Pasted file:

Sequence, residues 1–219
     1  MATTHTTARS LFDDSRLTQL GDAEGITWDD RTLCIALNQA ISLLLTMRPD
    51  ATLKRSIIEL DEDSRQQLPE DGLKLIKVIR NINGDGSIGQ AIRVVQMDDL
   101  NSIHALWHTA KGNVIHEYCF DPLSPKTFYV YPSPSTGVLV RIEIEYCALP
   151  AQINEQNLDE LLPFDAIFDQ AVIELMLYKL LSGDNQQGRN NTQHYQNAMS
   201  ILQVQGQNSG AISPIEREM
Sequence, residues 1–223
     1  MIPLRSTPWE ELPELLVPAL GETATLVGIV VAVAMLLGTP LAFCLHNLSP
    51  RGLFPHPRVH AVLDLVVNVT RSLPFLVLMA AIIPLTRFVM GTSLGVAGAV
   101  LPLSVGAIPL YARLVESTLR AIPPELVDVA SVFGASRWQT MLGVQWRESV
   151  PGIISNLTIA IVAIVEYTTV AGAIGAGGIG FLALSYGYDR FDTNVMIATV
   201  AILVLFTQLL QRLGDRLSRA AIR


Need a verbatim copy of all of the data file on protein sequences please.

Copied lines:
Sequence, residues 1–219
     1  MATTHTTARS LFDDSRLTQL GDAEGITWDD RTLCIALNQA ISLLLTMRPD
    51  ATLKRSIIEL DEDSRQQLPE DGLKLIKVIR NINGDGSIGQ AIRVVQMDDL
   101  NSIHALWHTA KGNVIHEYCF DPLSPKTFYV YPSPSTGVLV RIEIEYCALP
   151  AQINEQNLDE LLPFDAIFDQ AVIELMLYKL LSGDNQQGRN NTQHYQNAMS
   201  ILQVQGQNSG AISPIEREM
Sequence, residues 1–223
     1  MIPLRSTPWE ELPELLVPAL GETATLVGIV VAVAMLLGTP LAFCLHNLSP
    51  RGLFPHPRVH AVLDLVVNVT RSLPFLVLMA AIIPLTRFVM GTSLGVAGAV
   101  LPLSVGAIPL YARLVESTLR AIPPELVDVA SVFGASRWQT MLGVQWRESV
   151  PGIISNLTIA IVAIVEYTTV AGAIGAGGIG FLALSYGYDR FDTNVMIATV
   201  AILVLFTQLL QRLGDRLSRA AIR